Consumer Reports: How to avoid tripping and falling

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Every year, one in four older adults fall. About 20 percent of those that fall are seriously injured. (WLS)

Every year, one in four older adults fall. About 20 percent of those that fall are seriously injured. But Consumer Reports has some simple fixes, to help keep you from tripping up.

As a former physical education teacher, Howie Weiss knows the importance of staying in shape. At 72, he balances that with the realities of aging. He has already made changes in some habits to prevent a fall at home.

"Rather than picking up the laundry basket in two hands and walking down not holding on, I take the laundry basket and I walk, holding on, backwards and pull it down the stairs one step at a time," Weiss said.

His concerns about falling are real. The CDC said falls are the leading cause of both fatal and non-fatal injuries among older adults. But experts at Consumer Reports said many falls are preventable -- by making a few easy changes around your house.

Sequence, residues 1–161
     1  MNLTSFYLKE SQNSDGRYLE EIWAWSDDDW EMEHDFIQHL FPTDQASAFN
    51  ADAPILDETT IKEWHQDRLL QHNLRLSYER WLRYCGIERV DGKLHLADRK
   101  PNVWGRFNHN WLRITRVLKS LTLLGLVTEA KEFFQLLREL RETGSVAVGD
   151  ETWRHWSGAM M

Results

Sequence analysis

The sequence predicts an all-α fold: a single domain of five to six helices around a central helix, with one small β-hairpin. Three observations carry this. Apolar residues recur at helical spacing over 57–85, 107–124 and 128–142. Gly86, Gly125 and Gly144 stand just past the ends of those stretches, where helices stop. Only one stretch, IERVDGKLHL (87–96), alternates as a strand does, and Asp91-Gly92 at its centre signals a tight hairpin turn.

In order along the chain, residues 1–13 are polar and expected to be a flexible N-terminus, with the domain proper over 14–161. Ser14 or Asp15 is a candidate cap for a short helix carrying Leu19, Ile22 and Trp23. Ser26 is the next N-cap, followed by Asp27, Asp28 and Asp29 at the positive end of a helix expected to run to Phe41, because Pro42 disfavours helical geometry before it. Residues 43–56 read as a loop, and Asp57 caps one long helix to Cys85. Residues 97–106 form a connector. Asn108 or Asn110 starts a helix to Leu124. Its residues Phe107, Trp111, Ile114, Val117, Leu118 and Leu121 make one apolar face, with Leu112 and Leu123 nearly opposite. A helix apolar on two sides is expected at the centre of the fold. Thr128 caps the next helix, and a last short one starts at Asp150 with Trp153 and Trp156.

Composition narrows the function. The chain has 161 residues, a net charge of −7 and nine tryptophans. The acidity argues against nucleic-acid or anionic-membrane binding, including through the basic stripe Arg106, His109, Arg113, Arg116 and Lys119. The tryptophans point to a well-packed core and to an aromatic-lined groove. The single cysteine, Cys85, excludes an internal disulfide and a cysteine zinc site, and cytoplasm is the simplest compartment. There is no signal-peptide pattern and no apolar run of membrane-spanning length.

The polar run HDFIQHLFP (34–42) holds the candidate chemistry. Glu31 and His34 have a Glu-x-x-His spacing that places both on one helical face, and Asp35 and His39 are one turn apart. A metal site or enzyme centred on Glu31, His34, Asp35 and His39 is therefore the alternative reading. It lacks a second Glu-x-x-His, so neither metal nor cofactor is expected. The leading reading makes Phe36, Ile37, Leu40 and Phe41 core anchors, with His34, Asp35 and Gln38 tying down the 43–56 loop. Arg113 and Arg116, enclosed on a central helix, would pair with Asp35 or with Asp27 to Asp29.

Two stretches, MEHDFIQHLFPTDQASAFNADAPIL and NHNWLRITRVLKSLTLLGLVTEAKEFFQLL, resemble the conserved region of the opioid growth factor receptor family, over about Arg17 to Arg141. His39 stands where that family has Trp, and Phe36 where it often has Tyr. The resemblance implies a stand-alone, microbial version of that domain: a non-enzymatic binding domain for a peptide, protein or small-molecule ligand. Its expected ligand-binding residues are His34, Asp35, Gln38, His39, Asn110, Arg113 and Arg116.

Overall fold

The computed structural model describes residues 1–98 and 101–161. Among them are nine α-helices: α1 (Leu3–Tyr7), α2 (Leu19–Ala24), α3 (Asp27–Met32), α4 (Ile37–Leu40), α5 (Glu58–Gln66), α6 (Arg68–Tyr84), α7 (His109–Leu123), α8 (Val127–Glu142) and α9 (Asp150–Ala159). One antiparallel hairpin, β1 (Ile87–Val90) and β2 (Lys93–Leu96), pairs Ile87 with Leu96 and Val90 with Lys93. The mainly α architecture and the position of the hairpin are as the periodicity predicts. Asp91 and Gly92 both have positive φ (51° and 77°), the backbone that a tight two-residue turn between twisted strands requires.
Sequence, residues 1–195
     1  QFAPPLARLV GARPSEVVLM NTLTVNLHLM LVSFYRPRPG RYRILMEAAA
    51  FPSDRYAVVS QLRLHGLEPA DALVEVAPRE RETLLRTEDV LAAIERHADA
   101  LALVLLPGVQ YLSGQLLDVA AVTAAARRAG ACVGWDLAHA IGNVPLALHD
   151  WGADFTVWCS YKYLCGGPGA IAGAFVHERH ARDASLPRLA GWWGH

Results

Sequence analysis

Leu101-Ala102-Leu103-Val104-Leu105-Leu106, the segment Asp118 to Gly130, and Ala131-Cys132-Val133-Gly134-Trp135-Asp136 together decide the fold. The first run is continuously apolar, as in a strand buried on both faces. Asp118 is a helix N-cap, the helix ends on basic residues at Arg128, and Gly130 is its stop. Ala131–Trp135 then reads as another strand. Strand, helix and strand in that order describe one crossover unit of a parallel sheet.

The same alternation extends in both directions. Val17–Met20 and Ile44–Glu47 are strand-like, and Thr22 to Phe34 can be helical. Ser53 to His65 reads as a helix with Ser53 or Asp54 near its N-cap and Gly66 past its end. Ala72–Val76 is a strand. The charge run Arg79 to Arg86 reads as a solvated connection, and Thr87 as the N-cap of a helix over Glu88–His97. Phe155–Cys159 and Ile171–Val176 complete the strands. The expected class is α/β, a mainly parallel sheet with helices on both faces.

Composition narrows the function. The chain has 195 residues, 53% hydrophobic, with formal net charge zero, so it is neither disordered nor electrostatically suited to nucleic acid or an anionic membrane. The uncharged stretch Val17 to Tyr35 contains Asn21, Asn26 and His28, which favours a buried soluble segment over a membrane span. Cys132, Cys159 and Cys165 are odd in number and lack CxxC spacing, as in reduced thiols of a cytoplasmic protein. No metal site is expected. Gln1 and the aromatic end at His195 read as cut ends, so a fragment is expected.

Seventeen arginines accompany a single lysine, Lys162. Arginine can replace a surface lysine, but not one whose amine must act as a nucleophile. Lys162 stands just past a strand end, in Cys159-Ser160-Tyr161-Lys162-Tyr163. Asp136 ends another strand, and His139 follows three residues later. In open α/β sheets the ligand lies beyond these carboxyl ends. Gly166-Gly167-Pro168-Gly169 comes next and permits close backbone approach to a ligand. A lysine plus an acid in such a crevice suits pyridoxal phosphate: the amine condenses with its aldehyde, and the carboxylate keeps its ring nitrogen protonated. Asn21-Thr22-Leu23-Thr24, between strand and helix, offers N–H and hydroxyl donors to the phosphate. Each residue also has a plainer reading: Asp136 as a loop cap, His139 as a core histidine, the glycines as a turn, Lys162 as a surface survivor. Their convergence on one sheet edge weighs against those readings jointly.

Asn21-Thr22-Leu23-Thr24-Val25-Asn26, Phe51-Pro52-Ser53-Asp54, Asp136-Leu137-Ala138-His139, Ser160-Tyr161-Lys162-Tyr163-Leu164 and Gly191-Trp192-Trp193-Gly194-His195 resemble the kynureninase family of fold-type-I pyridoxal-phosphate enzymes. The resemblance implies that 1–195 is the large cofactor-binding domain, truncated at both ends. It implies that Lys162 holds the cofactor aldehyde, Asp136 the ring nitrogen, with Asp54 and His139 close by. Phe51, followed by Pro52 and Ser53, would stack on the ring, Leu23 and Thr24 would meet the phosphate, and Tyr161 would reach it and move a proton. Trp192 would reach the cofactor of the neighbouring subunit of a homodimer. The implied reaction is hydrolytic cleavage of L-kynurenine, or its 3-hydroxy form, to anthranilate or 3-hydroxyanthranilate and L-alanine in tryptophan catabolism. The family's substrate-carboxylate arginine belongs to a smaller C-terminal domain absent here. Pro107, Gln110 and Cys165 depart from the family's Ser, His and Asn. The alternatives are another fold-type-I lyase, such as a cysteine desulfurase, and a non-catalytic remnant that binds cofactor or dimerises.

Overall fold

"Start by arranging the furniture so that it's not blocking any of the pathways that you typically use to walk around your home," said Dan DiClerico, Consumer Reports.
For example, take a look at the path from your bed to the door of your bedroom. If there's something in the way, move it. Next, find a place for things like pet bowls and electrical cords along the walls and get piles of papers off the ground.

"You're basically taking a good look around and moving anything at all that somebody might trip over," DiClerico said.

Get rid of throw rugs, which can skid, or keep them in place with carpet tacks or double sided carpet tape. Wall-to-wall carpeting is really your safest bet.

Finally, in the bathroom, put a rubber mat or non-slip strips in the tub and install grab bars. As Howie Weiss knows firsthand, a few little changes can go a long way.

Poor lighting can also increase your risk of falling. Consumer Reports suggests placing a lamp within easy reach of your bed and putting night lights in the bathroom, hallways and kitchen.

Good lighting on stairs is particularly important. Install light switches at both the top and bottom of stairs. Finally, keep a flashlight handy, in case of a power outage.

All Consumer Reports Material Copyright 2017. Consumers Union of U.S. Inc. ALL RIGHTS RESERVED. Consumer Reports is a not for profit organization which accepts no advertising. It has no commercial relationship with any advertiser or sponsor on this site. For more information visit consumer.org
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